Vlado Dapčević, Yugoslav Montenegrin communist revolutionary and partisan
Adem Demaçi, Kosovo Albanian politician and author
Teki Dervishi, Albanian writer
Vlado Dijak, Yugoslav Bosnian Serb writer and partisan
Alija Izetbegović, former president of Bosnia and Herzegovina
Nikola Kljusev, former Prime Minister of Macedonia
Tine Logar, Slovenian linguist
Venko Markovski, Bulgarian and Macedonian writer
Dragoljub Mićunović, Serbian partisan, sociologist, and politician
Dragoslav Mihailović, Serbian writer
Aleksandar Popović, Serbian writer
Alfred Pal, Croatian painter and graphic designer
Dobroslav Paraga, Croatian politician
Igor Torkar, Slovenian writer
Vlasta Velisavljević, Serbian actor
Ante Zemljar, Croatian partisan and writer
Savo Zlatić, Croatian physician and politician
Vitomil Zupan, Slovenian writer
Goli Otok in literature
1981: Noč do jutra (Night till Morning Comes) ‒ fictional novel by Slovenian author Branko Hofman
1981: Herezia e Dervish Mallutes - allegorical novel by Kosovar author Teki Dervishi
1982: Tren 2 - novel by Antonije Isaković
1984: Umiranje na obroke (Dying by Installments) ‒ autobiographical book by Slovenian author Igor Torkar, about Goli Otok prison conditions
1984: Goli Otok: The Island of Death ‒ non-fiction book by Bulgarian/Macedonian author Venko Markovski, detailing a history of Goli Otok prison
1990: Goli Otok by Dragoslav Mihailović
1993: Lov na stenice by Dragoslav Mihailović
1996: Goli Otok: stratište duha ‒ non-fiction book by Croatian author Mihovil Horvat, containing the events of his arrest and imprisonment during Informbiro period
1997: Goli Otok: Italiani nel Gulag di Tito ‒ historical report by Italian-Croatian author Giacomo Scotti
1997: Zlotvori – novel by Dragoslav Mihailović
1997: Tito's Hawaii ‒ fictional novel by author using the pen-name Rade Panic (name taken from a political victim of the same name whose wife was interred on the island; not his actual name)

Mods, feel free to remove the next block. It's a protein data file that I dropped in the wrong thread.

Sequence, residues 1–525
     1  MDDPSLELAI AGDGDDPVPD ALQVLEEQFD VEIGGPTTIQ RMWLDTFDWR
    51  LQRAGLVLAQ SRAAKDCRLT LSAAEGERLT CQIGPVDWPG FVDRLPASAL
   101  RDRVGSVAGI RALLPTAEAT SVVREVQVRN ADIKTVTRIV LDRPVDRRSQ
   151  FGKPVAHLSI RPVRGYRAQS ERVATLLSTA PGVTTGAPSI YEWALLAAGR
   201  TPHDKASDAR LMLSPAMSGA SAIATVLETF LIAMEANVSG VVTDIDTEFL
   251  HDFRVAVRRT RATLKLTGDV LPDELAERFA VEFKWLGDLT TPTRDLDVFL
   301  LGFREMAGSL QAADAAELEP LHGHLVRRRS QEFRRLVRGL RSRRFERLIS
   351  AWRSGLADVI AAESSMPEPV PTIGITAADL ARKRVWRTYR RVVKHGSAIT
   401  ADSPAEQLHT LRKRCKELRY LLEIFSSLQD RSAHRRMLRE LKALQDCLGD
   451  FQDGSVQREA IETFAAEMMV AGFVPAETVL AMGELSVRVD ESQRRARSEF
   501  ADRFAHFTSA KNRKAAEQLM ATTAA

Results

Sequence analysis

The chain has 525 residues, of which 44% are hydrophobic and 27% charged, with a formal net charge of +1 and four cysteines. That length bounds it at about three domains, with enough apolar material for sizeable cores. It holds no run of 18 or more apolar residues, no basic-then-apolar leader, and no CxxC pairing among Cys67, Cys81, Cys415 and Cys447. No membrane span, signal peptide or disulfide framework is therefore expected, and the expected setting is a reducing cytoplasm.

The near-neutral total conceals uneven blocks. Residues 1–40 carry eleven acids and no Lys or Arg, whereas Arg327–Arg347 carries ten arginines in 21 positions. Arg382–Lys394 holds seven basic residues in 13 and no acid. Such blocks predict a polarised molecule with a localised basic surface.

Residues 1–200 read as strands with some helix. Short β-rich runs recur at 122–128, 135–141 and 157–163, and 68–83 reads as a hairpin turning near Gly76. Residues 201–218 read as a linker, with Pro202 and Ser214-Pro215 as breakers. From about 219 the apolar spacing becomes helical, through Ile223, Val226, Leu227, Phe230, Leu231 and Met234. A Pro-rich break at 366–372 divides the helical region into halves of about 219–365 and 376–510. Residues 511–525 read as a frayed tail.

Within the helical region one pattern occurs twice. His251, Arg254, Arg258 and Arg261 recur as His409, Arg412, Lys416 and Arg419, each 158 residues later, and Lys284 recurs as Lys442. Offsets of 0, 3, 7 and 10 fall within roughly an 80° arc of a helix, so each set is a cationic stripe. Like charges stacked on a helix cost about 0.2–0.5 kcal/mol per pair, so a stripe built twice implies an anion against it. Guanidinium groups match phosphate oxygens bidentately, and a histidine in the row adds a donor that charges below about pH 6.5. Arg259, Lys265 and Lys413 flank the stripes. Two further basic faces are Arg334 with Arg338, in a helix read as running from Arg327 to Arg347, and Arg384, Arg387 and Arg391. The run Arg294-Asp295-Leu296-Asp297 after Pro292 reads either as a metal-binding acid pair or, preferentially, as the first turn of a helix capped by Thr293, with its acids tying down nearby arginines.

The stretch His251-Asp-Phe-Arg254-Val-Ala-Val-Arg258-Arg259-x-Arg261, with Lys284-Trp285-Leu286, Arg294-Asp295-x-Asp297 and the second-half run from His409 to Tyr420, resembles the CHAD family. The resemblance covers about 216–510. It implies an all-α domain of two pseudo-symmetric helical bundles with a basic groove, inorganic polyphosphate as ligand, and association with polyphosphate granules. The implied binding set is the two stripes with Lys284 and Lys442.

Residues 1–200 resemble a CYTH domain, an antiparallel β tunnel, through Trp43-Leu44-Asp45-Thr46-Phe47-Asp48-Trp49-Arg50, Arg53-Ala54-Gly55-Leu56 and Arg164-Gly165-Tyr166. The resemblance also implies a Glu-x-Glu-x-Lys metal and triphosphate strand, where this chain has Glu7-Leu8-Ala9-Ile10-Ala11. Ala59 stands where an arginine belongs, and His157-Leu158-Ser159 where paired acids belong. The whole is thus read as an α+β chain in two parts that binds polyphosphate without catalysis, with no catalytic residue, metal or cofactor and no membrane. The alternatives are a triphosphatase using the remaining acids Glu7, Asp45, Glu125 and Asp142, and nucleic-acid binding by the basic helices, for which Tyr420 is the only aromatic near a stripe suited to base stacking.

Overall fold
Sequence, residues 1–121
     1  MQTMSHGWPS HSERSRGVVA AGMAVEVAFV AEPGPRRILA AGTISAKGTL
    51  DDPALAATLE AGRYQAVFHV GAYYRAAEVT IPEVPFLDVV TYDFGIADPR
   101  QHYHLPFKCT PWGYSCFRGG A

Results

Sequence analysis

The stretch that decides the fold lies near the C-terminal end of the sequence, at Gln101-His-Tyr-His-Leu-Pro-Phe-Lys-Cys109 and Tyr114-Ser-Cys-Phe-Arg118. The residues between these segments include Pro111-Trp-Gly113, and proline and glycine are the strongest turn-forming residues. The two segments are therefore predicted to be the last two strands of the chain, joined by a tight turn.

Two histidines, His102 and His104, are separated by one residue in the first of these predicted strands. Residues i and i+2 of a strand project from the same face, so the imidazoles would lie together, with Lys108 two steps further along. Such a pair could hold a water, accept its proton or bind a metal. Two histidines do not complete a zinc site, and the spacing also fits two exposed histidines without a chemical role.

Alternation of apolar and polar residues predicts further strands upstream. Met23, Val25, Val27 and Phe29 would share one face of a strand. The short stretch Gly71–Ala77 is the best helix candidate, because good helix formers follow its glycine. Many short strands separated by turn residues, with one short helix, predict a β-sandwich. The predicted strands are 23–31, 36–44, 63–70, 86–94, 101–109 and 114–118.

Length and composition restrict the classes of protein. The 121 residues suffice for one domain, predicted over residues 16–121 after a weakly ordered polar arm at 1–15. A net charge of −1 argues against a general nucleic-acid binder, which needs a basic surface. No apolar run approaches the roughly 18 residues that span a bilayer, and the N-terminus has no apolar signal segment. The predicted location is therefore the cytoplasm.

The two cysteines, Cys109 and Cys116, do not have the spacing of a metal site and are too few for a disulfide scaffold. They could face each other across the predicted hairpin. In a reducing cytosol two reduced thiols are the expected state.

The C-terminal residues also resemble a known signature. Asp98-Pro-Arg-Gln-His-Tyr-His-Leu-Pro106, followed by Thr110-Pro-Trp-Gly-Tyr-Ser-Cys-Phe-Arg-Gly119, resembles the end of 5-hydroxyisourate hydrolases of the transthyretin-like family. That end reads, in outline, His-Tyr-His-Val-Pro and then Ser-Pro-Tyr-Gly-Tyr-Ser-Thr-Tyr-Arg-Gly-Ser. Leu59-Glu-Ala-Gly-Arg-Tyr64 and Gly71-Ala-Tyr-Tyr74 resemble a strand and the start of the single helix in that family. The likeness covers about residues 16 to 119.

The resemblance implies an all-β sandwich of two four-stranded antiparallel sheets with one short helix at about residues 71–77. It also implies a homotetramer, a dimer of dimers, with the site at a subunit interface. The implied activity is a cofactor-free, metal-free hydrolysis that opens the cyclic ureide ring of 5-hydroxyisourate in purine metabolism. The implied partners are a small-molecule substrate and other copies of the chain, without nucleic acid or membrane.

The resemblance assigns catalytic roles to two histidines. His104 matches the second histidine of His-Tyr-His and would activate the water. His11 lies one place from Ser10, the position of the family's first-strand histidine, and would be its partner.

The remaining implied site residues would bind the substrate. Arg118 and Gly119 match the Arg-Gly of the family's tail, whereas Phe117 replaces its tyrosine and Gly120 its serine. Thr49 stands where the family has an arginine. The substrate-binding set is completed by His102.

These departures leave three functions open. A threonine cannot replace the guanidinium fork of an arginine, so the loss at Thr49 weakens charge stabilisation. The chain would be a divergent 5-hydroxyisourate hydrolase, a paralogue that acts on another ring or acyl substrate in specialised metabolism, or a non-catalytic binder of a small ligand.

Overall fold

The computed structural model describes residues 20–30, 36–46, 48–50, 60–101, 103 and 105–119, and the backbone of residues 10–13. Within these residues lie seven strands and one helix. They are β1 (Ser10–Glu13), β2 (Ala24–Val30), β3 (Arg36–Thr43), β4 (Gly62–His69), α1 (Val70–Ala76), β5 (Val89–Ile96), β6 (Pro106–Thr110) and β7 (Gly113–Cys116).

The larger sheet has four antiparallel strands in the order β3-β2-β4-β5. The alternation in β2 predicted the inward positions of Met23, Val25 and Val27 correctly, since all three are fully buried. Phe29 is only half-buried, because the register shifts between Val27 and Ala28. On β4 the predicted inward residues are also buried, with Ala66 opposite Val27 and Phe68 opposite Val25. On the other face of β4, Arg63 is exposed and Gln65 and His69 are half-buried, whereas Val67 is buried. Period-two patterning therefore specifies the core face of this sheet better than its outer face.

2005: Razglednica s ljetovanja ‒ autobiographical short novel by the Croatian author Dubravka Ugrešić; published in the Belgrade literary review REČ časopis za književnost i kulturu, i društvena pitanja, br. 74/20, 2006, and in the book Nikog nema doma, ed. devedeset stupnjeva, Zagreb 2005. Italian translation Cartolina Estiva by Luka Zanoni Osservatorio Balcani e Caucaso, 2008
2010: Island of the World - fictional novel by Canadian author, Michael D. O'Brien.
2019: Life Plays with Me - novel by Israeli writer David Grossman. One of the main characters, Vera, was interned as a political prisoner in Goli Otok before immigrating to Israel.
Goli Otok in film and television
1996: The Seventh Chronicle (Sedma kronika) – Croatian feature film about a Goli Otok inmate who escapes by swimming to the island of Rab, based on a novel by Grgo Gamulin
2002: Eva ‒ documentary film told in German, Hebrew and English recounting the experiences of Eva Panic'-Nahir, a former prisoner of the island; produced/directed by Avner Faingulernt
2009: Strahota - Die Geschichte der Gefängnisinsel Goli Otok ‒ German-language documentary film with 8 former prisoners; produced/directed by Reinhard Grabher
2012: Goli Otok ‒ documentary film directed by Darko Bavoljak
2013: Lost Survivors ‒ Travel Channel reality TV survival series episode entitled "Prison Island"
2014: Goli – documentary film directed by Tiha K. Gudac
2014: In the Name of the People ‒ exhibition in Belgrade; with an alphabetical list of 16,500 names of people who were jailed at the Goli Otok available for online search on their website